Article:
|Giuliani Appears at Moussaoui Trial
Associated Press | Apr 06, 2006
Former New York Mayor Rudolph Giuliani appeared Thursday at the trial where a jury is considering whether admitted al-Qaida conspirator Zacarias Moussaoui should be put to death for the Sept. 11, 2001, attacks.
Giuliani, expected to testify in the Moussaoui case, was seen in the hallway near the seventh floor courtroom where the jury also was to hear testimony from family members invited by federal prosecutors to tell stories of pain and suffering as a result of the largest terrorist attack ever on U.S. soil.
Prosecutors received the judge's approval Wednesday to play cockpit voice recordings from United Flight 93, the plane that crashed into a western Pennsylvania field on Sept. 11, after passengers fought back against the hijackers. The tape has never been heard publicly.
Many, but not all, of the victims' relatives are hoping this final phase of the trial will result in a death sentence for Moussaoui.
"I want him to be put to death so that he can just be taken away from this world," Abraham Scott, whose wife Janice died in the attack on the Pentagon, told CBS' "The Early Show" on Thursday.
"I really miss my wife," Scott said.
But Alice Ann Hoagland of Mountain View, Calif., whose son Mark died on Flight 93, said she hopes Moussaoui will be spared to "demonstrate that we are a nation of mercy."
"If he is executed he will be seen as a martyr in the eyes of his twisted fellows who compose al-Qaida," said Hoagland, also on CBS. "I don't want him to become a martyr."
Relatives of the Flight 93 passengers were permitted to listen to the 30-minute cockpit recording in April 2002. At that time, the government had grief counselors on hand and warned the families that graphic details would be audible.
While the recording will be played for the jury and the courtroom gallery, it is unclear whether it will be publicly released. Most court exhibits are being made available to the public, but U.S. District Judge Leonie Brinkema is giving Flight 93 family members until Tuesday to request that the recording not be distributed except as evidence in court.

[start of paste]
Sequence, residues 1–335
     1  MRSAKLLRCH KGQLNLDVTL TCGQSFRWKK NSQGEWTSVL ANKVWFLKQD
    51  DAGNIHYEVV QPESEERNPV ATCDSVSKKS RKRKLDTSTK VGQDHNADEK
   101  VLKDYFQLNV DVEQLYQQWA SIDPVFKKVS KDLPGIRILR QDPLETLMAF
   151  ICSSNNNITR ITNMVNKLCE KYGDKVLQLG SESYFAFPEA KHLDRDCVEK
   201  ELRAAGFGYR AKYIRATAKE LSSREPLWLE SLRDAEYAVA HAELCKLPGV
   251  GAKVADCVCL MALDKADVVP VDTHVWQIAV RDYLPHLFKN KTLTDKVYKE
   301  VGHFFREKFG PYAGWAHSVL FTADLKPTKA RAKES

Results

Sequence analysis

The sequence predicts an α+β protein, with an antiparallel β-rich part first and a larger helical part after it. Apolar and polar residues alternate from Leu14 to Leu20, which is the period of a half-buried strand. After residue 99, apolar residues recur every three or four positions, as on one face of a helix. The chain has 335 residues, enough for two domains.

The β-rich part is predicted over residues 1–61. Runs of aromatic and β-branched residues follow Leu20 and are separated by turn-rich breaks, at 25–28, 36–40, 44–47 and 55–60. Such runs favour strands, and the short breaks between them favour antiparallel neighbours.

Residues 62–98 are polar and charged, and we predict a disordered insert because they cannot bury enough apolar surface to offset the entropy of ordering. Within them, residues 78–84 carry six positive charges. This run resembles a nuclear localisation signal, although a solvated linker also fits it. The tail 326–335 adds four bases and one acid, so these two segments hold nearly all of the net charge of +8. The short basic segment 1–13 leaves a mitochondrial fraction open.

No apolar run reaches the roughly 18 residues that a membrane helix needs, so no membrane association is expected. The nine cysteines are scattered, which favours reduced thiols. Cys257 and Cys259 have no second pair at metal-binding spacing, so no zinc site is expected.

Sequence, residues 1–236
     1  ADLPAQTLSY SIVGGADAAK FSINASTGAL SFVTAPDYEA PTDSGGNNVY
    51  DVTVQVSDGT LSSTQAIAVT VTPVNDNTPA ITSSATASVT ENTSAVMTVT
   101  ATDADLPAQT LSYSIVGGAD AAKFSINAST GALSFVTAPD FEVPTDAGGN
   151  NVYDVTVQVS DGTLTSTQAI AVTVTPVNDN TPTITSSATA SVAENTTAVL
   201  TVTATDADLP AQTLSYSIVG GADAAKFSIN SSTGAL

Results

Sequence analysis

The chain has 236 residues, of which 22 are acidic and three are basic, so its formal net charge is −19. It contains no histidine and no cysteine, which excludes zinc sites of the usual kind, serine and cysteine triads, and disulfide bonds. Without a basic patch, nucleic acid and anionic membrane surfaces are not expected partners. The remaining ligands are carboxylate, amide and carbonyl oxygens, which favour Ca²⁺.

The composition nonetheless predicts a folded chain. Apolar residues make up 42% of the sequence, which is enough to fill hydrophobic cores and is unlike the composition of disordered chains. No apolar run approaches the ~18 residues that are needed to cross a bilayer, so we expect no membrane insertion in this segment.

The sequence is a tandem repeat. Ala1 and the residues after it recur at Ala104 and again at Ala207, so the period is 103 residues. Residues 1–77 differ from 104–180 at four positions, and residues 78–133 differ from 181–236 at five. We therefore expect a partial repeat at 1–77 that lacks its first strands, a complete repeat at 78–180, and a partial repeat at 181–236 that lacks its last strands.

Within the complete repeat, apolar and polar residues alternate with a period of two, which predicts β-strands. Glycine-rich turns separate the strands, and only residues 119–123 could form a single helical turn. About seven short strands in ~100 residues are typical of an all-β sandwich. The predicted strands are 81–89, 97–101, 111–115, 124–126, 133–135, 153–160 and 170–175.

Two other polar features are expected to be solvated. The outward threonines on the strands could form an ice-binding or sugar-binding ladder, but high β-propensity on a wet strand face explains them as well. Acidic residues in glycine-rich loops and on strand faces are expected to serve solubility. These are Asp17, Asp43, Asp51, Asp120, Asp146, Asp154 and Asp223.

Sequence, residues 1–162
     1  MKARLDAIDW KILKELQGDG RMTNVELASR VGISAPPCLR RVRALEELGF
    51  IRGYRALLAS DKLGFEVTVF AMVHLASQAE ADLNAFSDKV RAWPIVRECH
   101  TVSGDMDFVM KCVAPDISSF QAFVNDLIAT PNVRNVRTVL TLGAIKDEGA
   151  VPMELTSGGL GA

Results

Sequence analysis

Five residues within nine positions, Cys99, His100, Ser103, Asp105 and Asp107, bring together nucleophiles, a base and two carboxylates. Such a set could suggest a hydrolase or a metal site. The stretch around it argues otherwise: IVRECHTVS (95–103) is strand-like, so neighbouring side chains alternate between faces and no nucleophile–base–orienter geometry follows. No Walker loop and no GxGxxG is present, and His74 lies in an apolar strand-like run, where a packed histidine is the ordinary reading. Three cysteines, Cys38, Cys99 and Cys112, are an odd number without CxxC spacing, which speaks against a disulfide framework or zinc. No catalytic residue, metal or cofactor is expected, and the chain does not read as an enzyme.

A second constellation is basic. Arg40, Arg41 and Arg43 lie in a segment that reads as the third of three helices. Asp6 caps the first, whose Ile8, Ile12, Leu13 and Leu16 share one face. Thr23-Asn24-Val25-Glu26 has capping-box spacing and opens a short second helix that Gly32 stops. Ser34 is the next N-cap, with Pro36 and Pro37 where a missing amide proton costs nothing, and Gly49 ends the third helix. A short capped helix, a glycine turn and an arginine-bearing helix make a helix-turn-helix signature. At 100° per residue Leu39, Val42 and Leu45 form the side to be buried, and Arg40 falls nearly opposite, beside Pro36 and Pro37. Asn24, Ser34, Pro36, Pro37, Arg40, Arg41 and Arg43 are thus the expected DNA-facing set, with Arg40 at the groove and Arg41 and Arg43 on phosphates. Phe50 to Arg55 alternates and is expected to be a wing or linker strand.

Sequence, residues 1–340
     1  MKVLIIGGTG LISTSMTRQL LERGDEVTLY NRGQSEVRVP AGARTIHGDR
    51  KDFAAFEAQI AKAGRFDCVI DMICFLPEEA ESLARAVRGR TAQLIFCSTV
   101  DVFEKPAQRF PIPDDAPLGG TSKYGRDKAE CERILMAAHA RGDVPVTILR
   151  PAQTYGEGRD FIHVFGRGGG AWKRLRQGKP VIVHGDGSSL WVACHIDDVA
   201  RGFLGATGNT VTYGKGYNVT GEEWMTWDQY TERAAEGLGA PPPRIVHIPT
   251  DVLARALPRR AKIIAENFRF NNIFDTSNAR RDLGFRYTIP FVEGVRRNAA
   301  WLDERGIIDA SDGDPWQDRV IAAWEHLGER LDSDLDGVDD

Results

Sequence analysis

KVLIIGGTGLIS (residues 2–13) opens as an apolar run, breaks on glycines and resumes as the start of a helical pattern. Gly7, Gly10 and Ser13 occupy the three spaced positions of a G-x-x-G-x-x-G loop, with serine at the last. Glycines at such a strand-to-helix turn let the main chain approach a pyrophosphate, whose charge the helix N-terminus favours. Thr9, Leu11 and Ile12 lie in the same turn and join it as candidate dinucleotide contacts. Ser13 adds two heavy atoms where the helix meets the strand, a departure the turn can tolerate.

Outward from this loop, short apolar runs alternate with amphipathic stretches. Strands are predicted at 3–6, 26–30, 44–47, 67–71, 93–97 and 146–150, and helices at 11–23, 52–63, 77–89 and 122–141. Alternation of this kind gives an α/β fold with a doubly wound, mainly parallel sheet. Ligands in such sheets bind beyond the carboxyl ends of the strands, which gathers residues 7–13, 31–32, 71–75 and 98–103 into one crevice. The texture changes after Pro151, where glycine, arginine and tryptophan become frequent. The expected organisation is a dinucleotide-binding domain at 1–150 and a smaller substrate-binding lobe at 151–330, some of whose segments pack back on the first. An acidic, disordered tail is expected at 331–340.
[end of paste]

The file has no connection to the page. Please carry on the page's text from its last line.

Moussaoui, 37, is the only person charged in this country in the Sept. 11 attacks. On Monday, the jury concluded that Moussaoui was directly responsible for at least one death on that day and is therefore eligible for execution.
He was in a Minnesota jail on 9/11. Nevertheless, the jury concluded in the first phase of the trial that Moussaoui could have thwarted or at least minimized the attacks if he had confessed his al-Qaida membership and his plan to hijack aircraft when federal agents arrested him in August 2001 after his efforts to obtain flight training aroused suspicion.
The second phase of the trial includes evidence on whether Moussaoui deserves to be executed. Prosecutors intend to present testimony from relatives of 9/11 victims on the personal toll exacted by the attacks. They have indicated they will have up to 45 victim-impact witnesses and they plan to identify each of the 2,972 people killed that day by name and photograph to the jury.
The defense has indicated it will try to present evidence that Moussaoui, a Frenchman of Moroccan descent, suffered a difficult childhood, punctuated by racism. They also will seek to introduce evidence of mental illness. A defense expert has said Moussaoui probably suffers from schizophrenia.
The jury will be asked to balance aggravating and mitigating factors in determining whether to sentence Moussaoui to death or life in prison.